Ministers of State are cabinet ministers — if the PM wants them to be
After a review of the Orders in Council published in the aftermath of the swearing-in of Prime Minister Justin Trudeau’s new cabinet, some commentators discovered that, in fact, some ministers had been appointed as Ministers of State and concluded that therefore, these were not the “full cabinet ministers” the PM said they were.
While it’s true that, in technical terms, some ministers were appointed as Ministers of State under the Ministries and Ministers of State Act, the criticisms were wrong. They are “full cabinet ministers”.
Here’s the short answer: Cabinet is a political forum independent of its members’ legal status within their ministries. If the prime minister considers all his ministers to be full ministers and members of Cabinet, then that’s what they are. Cabinet is the forum where ministers — whatever their formal status in terms of the law or the bureaucracy — come together to make collective decisions. The real issue is whether they actually meet, deliberate and decide collectively — not their formal relationship with the bureaucracy. The fact that, from a formal or legal point of view, some may be “only” Ministers of State can mean there are limits to their direct authority over the public service — but even that authority can be boosted through delegation or transfer of authority, as has been done in the past.
At the risk of getting hung up on the legalities, let’s take a closer look. The appointment of “full” ministers is constrained by the Salaries Act, which lists positions for which a minister’s salary may be paid. If we exclude the ministers for regional development agencies (currently under the authority of the minister of Innovation, Science and Economic Development), the leader of the government in the Senate (a position that remains empty) and the associate minister of National Defence (now occupied by the minister of Veterans Affairs), that leaves the prime minister with 26 ministerial positions to fill, including that of president of the Queen’s Privy Council for Canada.
Salary is an important measure of equality — equal pay for equal work — but what’s more important here is that the prime ministerial has decided there will be no senior-junior hierarchy in this cabinet.
I note in passing that no minister now bears the title of president of the Queen’s Privy Council, but it’s likely that the formal appointment was made. I would venture to say this is probably the formal legal title of the minister of Democratic Institutions, a ministerial position very much like that of the president of the Queen’s Privy Council. Also, there are Orders-in-Council designating the president of the Queen’s Privy Council for Canada as minister responsible for electoral legislation and for the Office of the Chief Electoral Officer under the Financial Administration Act. These clues all point in the same direction.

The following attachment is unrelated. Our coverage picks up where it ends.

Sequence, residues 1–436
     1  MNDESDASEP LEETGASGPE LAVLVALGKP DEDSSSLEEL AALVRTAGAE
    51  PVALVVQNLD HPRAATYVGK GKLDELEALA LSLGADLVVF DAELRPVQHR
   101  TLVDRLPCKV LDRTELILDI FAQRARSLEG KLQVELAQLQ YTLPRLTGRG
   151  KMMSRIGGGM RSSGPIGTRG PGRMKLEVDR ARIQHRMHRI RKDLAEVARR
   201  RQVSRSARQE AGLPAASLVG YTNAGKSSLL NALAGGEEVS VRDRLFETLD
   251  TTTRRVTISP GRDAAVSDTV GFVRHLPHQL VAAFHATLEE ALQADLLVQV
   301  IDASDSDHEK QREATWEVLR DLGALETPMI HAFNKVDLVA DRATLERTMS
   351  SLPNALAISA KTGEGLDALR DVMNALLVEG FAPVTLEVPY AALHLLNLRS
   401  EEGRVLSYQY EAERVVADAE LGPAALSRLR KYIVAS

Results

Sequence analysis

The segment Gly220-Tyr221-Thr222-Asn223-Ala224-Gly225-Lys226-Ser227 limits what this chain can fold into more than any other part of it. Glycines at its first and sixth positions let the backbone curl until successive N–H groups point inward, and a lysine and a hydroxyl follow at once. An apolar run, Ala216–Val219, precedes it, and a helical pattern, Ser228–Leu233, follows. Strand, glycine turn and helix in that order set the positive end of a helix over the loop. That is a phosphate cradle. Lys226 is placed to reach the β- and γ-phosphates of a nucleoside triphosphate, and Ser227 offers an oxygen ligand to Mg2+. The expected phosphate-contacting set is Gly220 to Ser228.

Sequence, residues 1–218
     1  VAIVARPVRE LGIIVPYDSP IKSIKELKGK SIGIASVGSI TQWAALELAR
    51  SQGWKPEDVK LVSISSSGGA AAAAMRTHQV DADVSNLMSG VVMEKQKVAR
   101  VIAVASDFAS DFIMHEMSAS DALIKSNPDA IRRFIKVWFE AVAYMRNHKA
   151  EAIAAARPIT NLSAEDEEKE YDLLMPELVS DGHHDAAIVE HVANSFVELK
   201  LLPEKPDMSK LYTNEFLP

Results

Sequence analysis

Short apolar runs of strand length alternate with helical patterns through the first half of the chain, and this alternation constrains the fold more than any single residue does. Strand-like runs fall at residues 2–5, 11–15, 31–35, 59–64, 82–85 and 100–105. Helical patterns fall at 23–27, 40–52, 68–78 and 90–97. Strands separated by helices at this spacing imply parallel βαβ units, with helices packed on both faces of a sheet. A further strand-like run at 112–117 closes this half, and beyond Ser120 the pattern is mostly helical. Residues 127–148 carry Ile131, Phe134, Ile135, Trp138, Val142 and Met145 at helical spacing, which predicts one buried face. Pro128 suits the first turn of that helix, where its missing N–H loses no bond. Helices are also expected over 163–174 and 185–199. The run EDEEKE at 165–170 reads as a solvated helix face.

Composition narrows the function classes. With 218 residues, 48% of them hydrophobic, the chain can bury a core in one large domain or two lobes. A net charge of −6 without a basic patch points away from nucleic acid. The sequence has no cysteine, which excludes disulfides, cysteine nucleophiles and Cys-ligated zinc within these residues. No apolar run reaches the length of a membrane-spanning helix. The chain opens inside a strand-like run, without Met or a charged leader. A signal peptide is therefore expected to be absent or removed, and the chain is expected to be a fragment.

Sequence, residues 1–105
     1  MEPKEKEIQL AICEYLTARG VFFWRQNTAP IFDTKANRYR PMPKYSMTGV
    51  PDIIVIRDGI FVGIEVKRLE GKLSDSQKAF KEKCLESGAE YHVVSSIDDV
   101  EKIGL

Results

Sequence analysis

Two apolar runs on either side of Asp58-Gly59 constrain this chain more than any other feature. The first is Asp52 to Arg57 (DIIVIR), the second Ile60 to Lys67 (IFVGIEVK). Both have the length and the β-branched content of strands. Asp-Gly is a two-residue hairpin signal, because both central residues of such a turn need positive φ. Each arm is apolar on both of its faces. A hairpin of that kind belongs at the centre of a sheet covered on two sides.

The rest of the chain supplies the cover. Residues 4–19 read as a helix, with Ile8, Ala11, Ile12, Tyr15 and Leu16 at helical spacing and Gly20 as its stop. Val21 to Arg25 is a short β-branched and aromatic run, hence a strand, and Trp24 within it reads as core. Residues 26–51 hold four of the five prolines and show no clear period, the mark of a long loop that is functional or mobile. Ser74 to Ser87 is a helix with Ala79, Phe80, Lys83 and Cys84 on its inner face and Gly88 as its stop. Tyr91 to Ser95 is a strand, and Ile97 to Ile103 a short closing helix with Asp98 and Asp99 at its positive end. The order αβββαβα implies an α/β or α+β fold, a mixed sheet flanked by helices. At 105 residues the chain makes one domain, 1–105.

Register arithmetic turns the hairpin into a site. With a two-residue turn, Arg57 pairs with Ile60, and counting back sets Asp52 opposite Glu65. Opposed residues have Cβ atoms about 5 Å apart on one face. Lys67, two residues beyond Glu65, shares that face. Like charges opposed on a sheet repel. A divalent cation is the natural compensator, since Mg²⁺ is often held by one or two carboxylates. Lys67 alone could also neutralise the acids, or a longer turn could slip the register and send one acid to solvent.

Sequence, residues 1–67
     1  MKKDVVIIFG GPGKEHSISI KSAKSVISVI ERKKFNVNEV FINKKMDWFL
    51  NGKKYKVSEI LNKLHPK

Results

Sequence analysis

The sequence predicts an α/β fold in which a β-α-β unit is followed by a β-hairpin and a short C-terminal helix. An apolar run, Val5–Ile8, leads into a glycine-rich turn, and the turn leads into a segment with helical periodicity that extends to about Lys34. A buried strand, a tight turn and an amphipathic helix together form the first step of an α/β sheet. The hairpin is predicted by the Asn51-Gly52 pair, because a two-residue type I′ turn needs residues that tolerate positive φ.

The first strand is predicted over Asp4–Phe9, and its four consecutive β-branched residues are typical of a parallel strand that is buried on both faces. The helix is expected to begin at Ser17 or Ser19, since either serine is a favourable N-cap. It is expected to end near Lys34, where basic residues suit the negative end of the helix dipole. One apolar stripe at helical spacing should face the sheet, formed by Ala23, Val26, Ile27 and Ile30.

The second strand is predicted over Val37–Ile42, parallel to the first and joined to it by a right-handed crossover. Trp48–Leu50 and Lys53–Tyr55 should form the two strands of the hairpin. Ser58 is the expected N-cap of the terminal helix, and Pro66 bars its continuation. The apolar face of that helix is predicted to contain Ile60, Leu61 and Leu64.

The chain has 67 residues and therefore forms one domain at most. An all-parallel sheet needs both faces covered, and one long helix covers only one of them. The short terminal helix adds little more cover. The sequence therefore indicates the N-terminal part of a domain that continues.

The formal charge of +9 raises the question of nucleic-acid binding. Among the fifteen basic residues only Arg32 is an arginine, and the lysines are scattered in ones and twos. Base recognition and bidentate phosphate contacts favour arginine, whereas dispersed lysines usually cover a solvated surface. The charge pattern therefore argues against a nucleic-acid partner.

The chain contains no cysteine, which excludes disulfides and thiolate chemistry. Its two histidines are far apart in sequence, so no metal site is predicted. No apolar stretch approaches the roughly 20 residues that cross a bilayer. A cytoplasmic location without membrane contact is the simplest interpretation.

All this is merely to say that Prime Minister Trudeau has a cabinet of 30 ministers and only 26 ministerial positions to fill. This is when the PM resorts to the Ministries and Ministers of State Act.
Under that Act, a minister (of State) may:
- be appointed to assist any minister having responsibilities for any department or other portion of the federal public administration in the carrying out of those responsibilities;
- exercise or perform such of the powers, duties or functions as may be assigned or transferred to him pursuant to any Act of Parliament, and;
- make use of the services and facilities of the department or portion of the federal public administration concerned.
This is the vehicle by which the prime minister may appoint other ministers to carry out the duties and functions he determines, and provide authority and bureaucratic support to them. Authority may be delegated by the minister responsible for the department, or by transfer of authority pursuant to an act of Parliament.
Past prime ministers used this Act to name junior ministers to assist their ministries, with a salary differential of $20,000 to reflect their “junior” status. The law does not require that salary gap; it’s a matter for the prime minister to decide and the Treasury Board to implement.
Prime Minister Trudeau simply decided not to have Ministers of State in his cabinet. The PMO has already stated that the usual salary gap would not exist in the current cabinet. Salary is an important measure of equality — equal pay for equal work — but what’s more important here is that the prime ministerial has decided there will be no senior-junior hierarchy in this cabinet. Ministers will be judged on their performance rather than their status.
Maryantonett Flumian is the president of the Institute on Governance and a former long-serving federal deputy minister.